After all, leadership doesn't get bonuses for reducing risk to the company, they get rewarded for the next feature/launch/whatever.

Comment: Re:Voice recognition - AI (Score 1) 62

by bouldin (#48425461) Attached to: US Intelligence Unit Launches $50k Speech Recognition Competition

Telling the difference between "eight" and "A" is much more involved than just context matching on a rough FFT of my voice.

To do it properly, we're really looking into problems that are the equivalent of the higher functions of AI.

Maybe the problem isn't with the AI techniques we're using, it's with the FFT.

FFT assumes a very periodic, stable signal. It doesn't handle transients well at all.

Comment: Re:Listening through noise or interference (Score 1) 62

by bouldin (#48425389) Attached to: US Intelligence Unit Launches $50k Speech Recognition Competition

The proposed task, where the interference is correlated with the original sound, seems like fertile ground for superhuman performance again. The original signal gets replicated and redundantly presented. Our brains are hard-wired to be confused by that, but it seems like a well-designed speech-recognition system could take advantage of it.

Mammalian auditory systems actually have a lot of wiring that seems dedicated to processing reverberation.

I'm not familiar with the IBM demo you mention, but the key there is the controlled vocabulary. It was probably also trained on the speaker's voice. Those are huge constraints.

Comment: Re:Eh arent they trying? (Score 2) 62

by bouldin (#48425331) Attached to: US Intelligence Unit Launches $50k Speech Recognition Competition

Haven't Microsoft, Apple and Google already spend billions of dollars on this?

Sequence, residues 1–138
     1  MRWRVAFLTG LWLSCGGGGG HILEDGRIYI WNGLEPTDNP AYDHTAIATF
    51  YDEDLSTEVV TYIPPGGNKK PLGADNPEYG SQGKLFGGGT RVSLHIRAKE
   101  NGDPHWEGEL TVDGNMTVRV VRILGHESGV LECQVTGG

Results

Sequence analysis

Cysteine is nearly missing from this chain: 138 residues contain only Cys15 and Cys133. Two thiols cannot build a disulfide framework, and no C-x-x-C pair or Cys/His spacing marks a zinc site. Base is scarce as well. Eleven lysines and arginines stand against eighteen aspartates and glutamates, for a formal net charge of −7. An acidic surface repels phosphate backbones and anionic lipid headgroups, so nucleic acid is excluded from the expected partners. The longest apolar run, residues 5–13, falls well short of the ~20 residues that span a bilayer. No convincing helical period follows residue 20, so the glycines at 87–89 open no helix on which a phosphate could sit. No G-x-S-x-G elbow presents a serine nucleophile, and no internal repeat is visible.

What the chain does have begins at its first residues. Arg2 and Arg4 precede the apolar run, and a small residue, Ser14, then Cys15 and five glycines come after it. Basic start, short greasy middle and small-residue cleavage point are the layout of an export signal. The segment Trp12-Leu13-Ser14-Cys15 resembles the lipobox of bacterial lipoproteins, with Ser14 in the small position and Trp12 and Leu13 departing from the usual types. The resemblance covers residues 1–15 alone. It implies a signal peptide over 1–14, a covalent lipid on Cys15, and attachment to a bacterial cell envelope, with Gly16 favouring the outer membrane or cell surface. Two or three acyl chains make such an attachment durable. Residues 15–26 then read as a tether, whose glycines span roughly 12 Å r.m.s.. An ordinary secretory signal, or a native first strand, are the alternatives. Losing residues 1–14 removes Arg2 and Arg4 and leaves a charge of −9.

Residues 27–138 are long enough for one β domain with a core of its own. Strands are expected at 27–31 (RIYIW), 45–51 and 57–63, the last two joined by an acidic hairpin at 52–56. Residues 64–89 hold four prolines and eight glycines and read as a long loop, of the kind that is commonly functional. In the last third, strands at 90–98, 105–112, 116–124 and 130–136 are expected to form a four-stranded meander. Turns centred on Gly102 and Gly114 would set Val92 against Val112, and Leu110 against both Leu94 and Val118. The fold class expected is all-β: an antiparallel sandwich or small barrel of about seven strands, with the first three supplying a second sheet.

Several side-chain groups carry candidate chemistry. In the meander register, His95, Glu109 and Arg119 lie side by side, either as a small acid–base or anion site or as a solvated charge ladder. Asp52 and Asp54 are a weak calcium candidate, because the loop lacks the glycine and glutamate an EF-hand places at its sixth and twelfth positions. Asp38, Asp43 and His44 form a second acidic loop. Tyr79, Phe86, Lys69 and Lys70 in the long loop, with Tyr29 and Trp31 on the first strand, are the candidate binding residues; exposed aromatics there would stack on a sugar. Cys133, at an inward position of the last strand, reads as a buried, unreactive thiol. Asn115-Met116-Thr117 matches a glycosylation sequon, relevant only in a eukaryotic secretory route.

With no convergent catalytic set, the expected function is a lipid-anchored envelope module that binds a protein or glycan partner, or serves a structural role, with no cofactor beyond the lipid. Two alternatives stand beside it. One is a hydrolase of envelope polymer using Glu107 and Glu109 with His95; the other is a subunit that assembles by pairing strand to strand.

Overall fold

All the speech recognition software I've used has relied on a controlled environment (e.g. yelling directly into your phone with almost no reverberation, no competing conversations, very little background noise).

Reverberation *should* be the easiest kind of noise to remove, because it has a simple mathematical model:

S(t) = signal(t) + f(signal(t - delay))

Where f() is a pretty simple function that may attenuate some frequencies more than others.

Modelling all the other kinds of background noise is much, much harder.

Comment: Re:what about being evil? (Score 1) 167

by bouldin (#48217021) Attached to: Ello Formally Promises To Remain Ad-Free, Raises $5.5M

As long as we're being pedantic, the current chair was reappointed by Obama, after she was appointed by Bush. She donated to McCain, Romney, and the republican party. http://www.campaignmoney.com/p...

So let's just call it even.

CPB is required, by law, to be strictly objective, and has internal reviews to ensure objectivity. That is a better deal than you will get from Fox, MSNBC, WSJ, or NYT.

You are right that CPB != NPR, but they are tightly bound, and the exact relationship is complex. Regardless, there are plenty of conservatives in my city who listen to NPR and donate to local stations. The attempts to defund CPB and NPR have been defeated through bipartisan efforts.

I think if you actually listened to NPR, you would be surprised at how neutral and accurate the reporting is, and you would notice how the liberal slant of, say, salon.com is *not* present.

Comment: Re:Goodbye Oculus (Score 1) 38

by bouldin (#48211501) Attached to: Google Leads $542m Funding Round For Augmented Reality Wearables Company

I think it's hilarious that facebook paid 2 billion for Oculus, while Magic Leap has far superior tech and seems to value itself around 1.6 billion.

Here are two possible explanations:
1. Zuckerberg is an idiot CEO who overpays for things (he did pay 20 billion for whatsapp, after all).
2. Zucker knows his stock is way overpriced, so he is actually getting a better deal than it appears. Most of the Oculus acquisition is paid for with fb stock.

Either way, another very smart move by Google.

The major difference between bonds and bond traders is that the bonds will eventually mature.